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Legislative Assembly for the ACT: 2010 Week 06 Hansard (Wednesday, 23 June 2010) . . Page.. 2250 ..

Given that background, the ACT government accepted the challenge to renew public education. The Towards 2020: renewing our schools strategy was designed to deliver a public education system that was responsive to the needs of the community. The focus was squarely on education. Of course, the school system and schools exist for students—not the other way around.

An extensive consultation process was held over six months, and I am pleased to see that that remains a feature of this proposed amendment. More than 700 meetings occurred with school communities over that period—all with a view, though, to go back to that overarching issue about how we could improve the system for all students. An important principle in designing an education system is that it meets the needs of all students.

In putting together the proposal, the government took into consideration educational, social, economic and geographical issues. We looked at the provision of a range of options for families in making educational decisions for their children. We looked at the need to maintain and develop further excellence within the public school system. We looked to establish better curriculum pathways from preschool to year 12. We looked to introduce a new focus on early childhood education—I am pleased to see Mr Smyth endorsing that, finally—infant schooling, middle schooling and senior schooling and, most importantly, we wanted to ensure that each and every one of our schools, the vast majority of which were constructed more than 30 or 40 years ago, was appropriate for education through to 2020.

We looked at a range of social factors. We looked at the fact that the ACT population was ageing and that meant that in many suburbs educational and community needs were changing. We looked at the fact that parents were often driving their children past several local schools and dropping them off at schools closer to where they worked or where they studied. We looked at financial impacts and the situation for school infrastructure. We looked at the fact that the ACT education system cost ACT taxpayers, on average, 20 per cent more than other states and territories, and that we had a number of small schools where the cost of educating a student was significantly above even that high territory average. We looked at the demographics in each region down to an individual suburban level. We looked at where schools were located and the proximity of those schools to alternative education provision.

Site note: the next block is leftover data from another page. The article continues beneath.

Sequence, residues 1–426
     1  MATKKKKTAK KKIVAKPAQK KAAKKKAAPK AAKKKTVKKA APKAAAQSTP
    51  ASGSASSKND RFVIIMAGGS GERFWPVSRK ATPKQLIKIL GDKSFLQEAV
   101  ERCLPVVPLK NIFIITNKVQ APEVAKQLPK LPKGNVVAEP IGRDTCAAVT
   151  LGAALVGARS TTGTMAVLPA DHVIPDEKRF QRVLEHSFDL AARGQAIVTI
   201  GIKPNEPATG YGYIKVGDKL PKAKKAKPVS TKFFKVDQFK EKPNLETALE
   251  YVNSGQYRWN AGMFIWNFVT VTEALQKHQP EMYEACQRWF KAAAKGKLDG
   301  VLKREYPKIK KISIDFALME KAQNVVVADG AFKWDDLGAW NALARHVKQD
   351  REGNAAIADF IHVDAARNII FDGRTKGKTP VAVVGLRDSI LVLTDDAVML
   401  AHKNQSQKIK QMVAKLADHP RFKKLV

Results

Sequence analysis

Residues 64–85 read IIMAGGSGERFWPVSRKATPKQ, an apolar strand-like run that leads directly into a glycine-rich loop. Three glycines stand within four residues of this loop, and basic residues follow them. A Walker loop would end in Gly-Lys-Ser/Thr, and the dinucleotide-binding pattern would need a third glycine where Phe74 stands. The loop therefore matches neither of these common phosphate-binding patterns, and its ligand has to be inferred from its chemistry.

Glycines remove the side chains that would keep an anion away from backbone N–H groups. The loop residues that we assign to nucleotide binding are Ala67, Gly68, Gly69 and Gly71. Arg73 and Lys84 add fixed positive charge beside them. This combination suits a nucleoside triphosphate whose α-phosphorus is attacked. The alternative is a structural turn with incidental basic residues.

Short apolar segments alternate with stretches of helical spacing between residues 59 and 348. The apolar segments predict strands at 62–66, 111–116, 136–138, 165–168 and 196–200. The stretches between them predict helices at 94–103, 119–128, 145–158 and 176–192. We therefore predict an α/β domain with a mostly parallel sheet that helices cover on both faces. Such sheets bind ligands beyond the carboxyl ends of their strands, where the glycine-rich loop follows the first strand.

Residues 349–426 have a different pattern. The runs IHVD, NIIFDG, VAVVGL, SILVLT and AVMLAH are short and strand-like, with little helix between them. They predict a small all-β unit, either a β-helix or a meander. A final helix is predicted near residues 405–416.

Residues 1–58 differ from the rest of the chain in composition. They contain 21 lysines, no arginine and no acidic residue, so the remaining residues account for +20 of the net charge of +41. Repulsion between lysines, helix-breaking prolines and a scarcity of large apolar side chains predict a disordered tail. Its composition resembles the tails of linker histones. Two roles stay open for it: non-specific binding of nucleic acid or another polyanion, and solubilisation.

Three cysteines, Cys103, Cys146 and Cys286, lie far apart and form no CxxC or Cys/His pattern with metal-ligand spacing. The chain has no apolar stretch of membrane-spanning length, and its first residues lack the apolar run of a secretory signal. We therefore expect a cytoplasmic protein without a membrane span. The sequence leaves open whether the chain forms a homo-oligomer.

This occurred in 2006. Since then, our schools have flourished. After a decade of decline, public school enrolments have finally turned around. The trend line is pointing in the right direction. Reforms that impacted on five per cent of the student population have assisted 100 per cent of students in public education. Without these reforms, all students would not have benefited. These were hard decisions, but they were then backed by investment.

Towards 2020 contained many strategic and complementary reform initiatives. These included: a system-wide professional development initiative to improve teacher quality; introducing a 21st century curriculum framework; focusing on school standards; stronger support for students with a disability; extensive renewal of infrastructure and major capital upgrades in existing schools; nation-leading ICT

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